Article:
pornographers. Methods used are for officers to enter chat rooms and pose as a
child seeking excitement; setting up false web sites offering illegal pornography; and
using a well-publicized Internet sting operation to create the impression that the
Internet is a risky place for sexual predators, and that their hidden identities can be
tracked down. 20 The latter use of a sting operation differs from other uses described
above because it is not primarily oriented to investigating a complex crime resulting
in arrests, but rather to deal with the problem in a wider perspective by creating an
uncertain atmosphere and thus deter potential predators. Arrests, therefore, are not
the measure of success. Unfortunately, there are no research studies that have used
as a measure of success how many people have been deterred from seeking child
pornography or trying to contact children through teen chat rooms as a result of
well-publicized sting operations.
Efforts of United Nations on the Issue 18

UNESCOs Priority Gender Equality Action Plan:


http://portal.unesco.org/ci/en/files/28397/12435929903gender_booklet_en.pdf/gender_booklet_en.pdf
19
Case Study: FBI - http://www.fbi.gov/news/videos/inside-a-prostitution-sting
20
Case Study of Massachusetts: http://www.noonancriminaldefense.com/sex-crimes/internet-sex-crimes.html

United Nations General Assembly Resolutions on Crimes against Women:


Elimination of all forms of violence, including crimes against women
(A/RES/55/68, of December 2000)21
Women 2000: gender equality, development and peace for the 21st century
(A/RES/59/167, of December 2004)22
Trafficking in women and girls (A/C.3/61/L.11/Rev.1, of December 2006)23
Violence against women migrant workers (A/RES/60/139, of Dec 2005)24
Traditional or customary practices affecting the health of women and girls
(A/RES/56/128, of December 2001)25
For Rape Statistics and Related Crimes: United Nations Surveys on Crime
Trends and the Operations of Criminal Justice Systems (CTS) 26
In 2012, UNODC and UNWTO signed a memorandum of understanding to step up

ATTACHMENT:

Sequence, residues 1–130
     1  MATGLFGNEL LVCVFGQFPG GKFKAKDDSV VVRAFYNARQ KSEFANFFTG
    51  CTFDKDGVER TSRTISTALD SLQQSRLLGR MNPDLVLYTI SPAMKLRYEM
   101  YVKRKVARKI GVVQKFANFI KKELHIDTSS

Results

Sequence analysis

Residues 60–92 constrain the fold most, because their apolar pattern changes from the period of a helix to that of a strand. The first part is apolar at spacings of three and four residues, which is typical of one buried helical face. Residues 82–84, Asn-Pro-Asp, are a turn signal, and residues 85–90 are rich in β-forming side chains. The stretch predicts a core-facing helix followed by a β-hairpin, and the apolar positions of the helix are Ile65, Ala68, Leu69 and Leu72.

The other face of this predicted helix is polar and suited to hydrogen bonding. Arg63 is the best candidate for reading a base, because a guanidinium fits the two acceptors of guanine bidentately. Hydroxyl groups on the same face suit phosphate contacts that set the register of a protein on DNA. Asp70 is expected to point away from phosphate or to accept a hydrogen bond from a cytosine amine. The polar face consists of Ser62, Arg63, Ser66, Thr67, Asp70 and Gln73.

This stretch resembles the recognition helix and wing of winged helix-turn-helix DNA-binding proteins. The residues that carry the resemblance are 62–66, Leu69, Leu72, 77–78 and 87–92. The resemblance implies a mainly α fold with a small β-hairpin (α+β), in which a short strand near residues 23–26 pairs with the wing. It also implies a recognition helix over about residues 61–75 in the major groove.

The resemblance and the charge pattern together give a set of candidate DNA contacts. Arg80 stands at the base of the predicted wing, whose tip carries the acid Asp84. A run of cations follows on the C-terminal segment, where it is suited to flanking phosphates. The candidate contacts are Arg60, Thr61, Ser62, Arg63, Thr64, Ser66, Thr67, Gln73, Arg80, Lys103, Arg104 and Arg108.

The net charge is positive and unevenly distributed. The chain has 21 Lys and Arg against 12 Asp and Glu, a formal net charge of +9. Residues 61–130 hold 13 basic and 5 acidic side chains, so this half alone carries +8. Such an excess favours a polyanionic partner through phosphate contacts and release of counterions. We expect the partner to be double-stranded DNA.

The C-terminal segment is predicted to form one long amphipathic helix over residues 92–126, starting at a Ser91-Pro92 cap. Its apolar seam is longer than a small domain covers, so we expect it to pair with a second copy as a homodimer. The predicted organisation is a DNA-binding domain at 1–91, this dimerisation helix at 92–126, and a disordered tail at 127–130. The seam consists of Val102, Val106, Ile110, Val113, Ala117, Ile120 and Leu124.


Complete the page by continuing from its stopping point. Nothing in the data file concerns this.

cooperation against this form of exploitation. They are working together in areas of
mutual interest, including the unlawful acquisition of cultural artefacts, the
enhancement of private sector anti-corruption policies and, crucially, the prevention
of human trafficking within the tourism sector.
UNODC is also implementing Project Childhood, a four-year Australian-funded
initiative that combats the sexual exploitation of children in four South-East Asian
countries - Cambodia, the Lao People's Democratic Republic, Thailand and Viet Nam
- focusing on tourism in the Greater Mekong sub-region.
Hotel companies are carrying out awareness-raising campaigns and providing
vocational training for trafficked persons. They are running community outreach
programs which help vulnerable young people, including rehabilitated victims of
human trafficking, providing them with new life opportunities and training at their
hotels.
Despite these efforts, however, there has been an increase in the crimes related to
sex tourism. A systematic debate now needs to evolve on not just the preventive
21

UN Resolution on All Forms of Violence against Women - http://daccess-ddsny.un.org/doc/UNDOC/GEN/N00/563/47/PDF/N0056347.pdf?OpenElement


22
UN Resolution on Gender Equality & Development: http://daccess-ddsny.un.org/doc/UNDOC/GEN/N04/486/28/PDF/N0448628.pdf?OpenElement
23
UN Resolution on Trafficking of Women:http://daccess-ddsny.un.org/doc/UNDOC/LTD/N06/606/93/PDF/N0660693.pdf?OpenElement
24
UN Resolution on Violence against Women Migrant Workers: http://daccess-ddsny.un.org/doc/UNDOC/GEN/N05/495/94/PDF/N0549594.pdf?OpenElement
25
UN Resolution on Health Practices of Women: http://daccess-ddsny.un.org/doc/UNDOC/GEN/N01/482/85/PDF/N0148285.pdf?OpenElement
26
UNODC Survey: http://www.unodc.org/unodc/en/data-and-analysis/United-Nations-Surveys-on-Crime-Trendsand-the-Operations-of-Criminal-Justice-Systems.html

aspect of the cultural, moral and social order but also on post-facto mechanisms
such as the right to reparation is the need of the hour. United Nations General
Assembly 3rd Committee: SOCHUM will convene on 3rd January, 2014 to further the
discussion on the matter.
Note: To submit a policy statement in written covering country stance, problems and
recommendations at the commencement of the committee is optional. It will be read
and duly marked as any other written chit sent to the Executive Board.